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Comparison of different drug for reducing testosterone levels in women with polycystic ovary syndrome: A systematic review and network meta-analysis

Medicine (Baltimore). 2023 Oct 13;102(41):e35152. doi: 10.1097/MD.0000000000035152.


BACKGROUND: The optimal drug for treatment with polycystic ovary syndrome (PCOS) was in debate. We did this network meta-analysis to assess the efficacy and safety of different drugs for reducing testosterone levels in women with PCOS.

METHODS: We searched studies from inception until January 10, 2023, through PubMed, Embase, and Cochrane Library database. All studies comparing different drugs for reducing testosterone levels in women with polycystic ovary syndrome were included in this network meta-analysis. Outcomes were total testosterone levels, free testosterone levels, and withdraw due to adverse events. We calculated the surface under the cumulative ranking curve (SUCRA) for each treatment.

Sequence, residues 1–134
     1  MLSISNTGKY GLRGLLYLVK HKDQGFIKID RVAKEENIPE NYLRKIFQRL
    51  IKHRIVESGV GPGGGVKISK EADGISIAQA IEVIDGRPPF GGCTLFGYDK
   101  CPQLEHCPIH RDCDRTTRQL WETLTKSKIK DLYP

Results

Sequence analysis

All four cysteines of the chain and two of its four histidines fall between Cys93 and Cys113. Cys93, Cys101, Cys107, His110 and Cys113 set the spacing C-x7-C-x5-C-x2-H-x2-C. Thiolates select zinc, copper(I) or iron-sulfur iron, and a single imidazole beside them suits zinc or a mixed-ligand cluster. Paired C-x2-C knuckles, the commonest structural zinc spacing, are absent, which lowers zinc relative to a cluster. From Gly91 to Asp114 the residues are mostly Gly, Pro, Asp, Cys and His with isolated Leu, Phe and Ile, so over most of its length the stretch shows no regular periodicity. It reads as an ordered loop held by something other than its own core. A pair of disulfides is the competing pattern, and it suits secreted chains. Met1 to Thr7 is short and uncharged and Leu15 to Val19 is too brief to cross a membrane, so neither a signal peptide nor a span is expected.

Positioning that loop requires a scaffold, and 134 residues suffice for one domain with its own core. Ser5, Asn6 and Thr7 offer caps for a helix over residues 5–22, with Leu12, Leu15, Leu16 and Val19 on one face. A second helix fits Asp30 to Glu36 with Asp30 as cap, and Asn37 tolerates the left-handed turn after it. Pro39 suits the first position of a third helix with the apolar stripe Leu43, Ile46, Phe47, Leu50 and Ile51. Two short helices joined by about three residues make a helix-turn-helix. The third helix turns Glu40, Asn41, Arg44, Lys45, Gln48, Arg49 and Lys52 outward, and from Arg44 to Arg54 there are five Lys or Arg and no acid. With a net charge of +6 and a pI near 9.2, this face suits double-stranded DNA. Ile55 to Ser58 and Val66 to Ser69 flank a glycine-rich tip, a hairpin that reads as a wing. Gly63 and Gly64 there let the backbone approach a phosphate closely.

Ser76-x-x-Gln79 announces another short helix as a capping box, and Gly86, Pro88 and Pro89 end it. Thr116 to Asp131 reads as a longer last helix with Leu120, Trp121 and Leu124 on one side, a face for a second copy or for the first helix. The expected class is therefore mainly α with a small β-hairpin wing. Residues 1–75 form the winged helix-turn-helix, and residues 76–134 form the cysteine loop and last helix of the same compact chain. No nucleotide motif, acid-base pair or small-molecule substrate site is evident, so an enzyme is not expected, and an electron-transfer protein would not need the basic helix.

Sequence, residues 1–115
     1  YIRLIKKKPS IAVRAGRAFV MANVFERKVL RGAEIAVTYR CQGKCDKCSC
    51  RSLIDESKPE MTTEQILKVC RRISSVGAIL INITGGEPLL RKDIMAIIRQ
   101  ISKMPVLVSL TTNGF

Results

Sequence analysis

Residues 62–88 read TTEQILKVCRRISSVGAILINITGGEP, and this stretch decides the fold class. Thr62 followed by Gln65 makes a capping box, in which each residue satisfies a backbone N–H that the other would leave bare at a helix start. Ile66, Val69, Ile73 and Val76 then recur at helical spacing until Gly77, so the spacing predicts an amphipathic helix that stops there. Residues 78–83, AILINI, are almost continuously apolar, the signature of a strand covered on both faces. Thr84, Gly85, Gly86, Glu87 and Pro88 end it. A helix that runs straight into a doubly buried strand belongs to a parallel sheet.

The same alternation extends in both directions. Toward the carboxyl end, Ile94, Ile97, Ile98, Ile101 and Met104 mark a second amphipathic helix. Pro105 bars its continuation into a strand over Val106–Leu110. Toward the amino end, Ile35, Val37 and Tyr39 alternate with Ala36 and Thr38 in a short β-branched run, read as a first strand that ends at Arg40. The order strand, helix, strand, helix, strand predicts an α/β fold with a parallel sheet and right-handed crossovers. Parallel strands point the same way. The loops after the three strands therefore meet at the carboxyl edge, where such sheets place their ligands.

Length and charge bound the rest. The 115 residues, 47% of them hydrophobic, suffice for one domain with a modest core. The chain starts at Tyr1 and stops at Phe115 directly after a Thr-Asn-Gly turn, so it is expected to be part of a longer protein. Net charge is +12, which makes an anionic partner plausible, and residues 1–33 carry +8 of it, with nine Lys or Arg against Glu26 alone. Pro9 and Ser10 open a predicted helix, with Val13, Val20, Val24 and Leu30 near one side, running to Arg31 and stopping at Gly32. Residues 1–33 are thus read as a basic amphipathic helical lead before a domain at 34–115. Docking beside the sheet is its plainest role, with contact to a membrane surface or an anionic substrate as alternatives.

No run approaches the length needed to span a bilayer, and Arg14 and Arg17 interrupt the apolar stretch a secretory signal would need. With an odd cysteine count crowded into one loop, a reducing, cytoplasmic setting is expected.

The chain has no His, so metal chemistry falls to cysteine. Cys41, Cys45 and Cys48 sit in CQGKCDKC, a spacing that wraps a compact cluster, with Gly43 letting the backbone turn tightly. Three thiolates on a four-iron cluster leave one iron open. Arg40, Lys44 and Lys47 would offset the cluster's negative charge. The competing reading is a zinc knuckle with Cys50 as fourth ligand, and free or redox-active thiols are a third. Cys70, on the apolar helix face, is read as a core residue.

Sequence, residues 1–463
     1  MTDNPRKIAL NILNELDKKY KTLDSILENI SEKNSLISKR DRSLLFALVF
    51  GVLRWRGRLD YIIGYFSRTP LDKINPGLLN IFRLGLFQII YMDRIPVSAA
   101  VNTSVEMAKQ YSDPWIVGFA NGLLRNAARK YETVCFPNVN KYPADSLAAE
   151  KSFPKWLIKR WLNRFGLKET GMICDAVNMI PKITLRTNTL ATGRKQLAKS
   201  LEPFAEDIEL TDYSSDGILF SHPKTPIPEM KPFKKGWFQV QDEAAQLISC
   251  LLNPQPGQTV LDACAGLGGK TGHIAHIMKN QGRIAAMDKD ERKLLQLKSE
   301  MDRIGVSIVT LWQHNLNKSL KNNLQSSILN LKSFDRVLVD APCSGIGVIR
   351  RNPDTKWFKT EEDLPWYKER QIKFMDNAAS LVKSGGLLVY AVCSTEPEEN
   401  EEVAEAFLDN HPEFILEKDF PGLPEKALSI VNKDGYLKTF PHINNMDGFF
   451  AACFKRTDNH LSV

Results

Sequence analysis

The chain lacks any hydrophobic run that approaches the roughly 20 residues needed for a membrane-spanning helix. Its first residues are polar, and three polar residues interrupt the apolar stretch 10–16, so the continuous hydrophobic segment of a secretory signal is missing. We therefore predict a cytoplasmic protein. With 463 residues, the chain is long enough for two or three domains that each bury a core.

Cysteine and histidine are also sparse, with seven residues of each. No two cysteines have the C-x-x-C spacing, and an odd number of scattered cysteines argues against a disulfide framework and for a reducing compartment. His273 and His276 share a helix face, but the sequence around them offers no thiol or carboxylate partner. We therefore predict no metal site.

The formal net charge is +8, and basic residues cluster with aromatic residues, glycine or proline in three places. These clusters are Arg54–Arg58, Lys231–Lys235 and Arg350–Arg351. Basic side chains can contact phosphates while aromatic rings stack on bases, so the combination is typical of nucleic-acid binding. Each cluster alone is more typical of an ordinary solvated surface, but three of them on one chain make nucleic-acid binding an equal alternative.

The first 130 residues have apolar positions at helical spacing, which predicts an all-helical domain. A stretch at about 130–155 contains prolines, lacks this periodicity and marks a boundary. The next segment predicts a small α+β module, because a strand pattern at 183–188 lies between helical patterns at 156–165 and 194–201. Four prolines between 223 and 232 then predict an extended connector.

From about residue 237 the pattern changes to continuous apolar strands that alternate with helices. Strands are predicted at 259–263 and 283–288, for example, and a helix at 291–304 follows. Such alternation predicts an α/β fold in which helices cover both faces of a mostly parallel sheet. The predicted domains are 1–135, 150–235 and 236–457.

RESULTS: Finally, a total of 13 studies were finally included in this network meta-analysis. In head-to-head comparison, atorvastatin (WMD -3.1, 95% CrI: -3.7 to -2.5), metformin (WMD -2.6, 95% CrI: -3.5 to -1.6), metformin + simvastatin (WMD -2.8, 95% CrI: -4.1 to -1.5), simvastatin (WMD -2.7, 95% CrI: -4.2 to -1.3), spironolactone (WMD -3.1, 95% CrI: -4.3 to -1.9), spironolactone + metformin (WMD -3.2, 95% CrI: -4.5 to -2.0) were all more effective than the placebo, and the difference was statistically significant (P < .05). The SUCRA shows that spironolactone + metformin ranked first (SUCRA, 85.0%), Atorvastatin ranked second (SUCRA, 77.7%), Spironolactone ranked third (SUCRA, 77.2%), and metformin + simvastatin ranked the fourth. The SUCRA of different drugs for free testosterone levels shows that atorvastatin ranked first (SUCRA, 75.0%), spironolactone + metformin ranked second (SUCRA, 5.3%), metformin + simvastain ranked third (SUCRA, 62.6%), and spironolactone ranked the fourth (SUCRA, 56.4%). No statistically significant differences were found between the 2 treatment groups for withdrawn due to adverse events (P > .05).

CONCLUSIONS: Considering the network meta-analysis and rankings, atorvastatin was recommended to be the optimal drug for treatment PCOS. However, the optimal dose of atorvastatin was unknown and should be verified by more randomized controlled trials.

PMID:37832133 | DOI:10.1097/MD.0000000000035152

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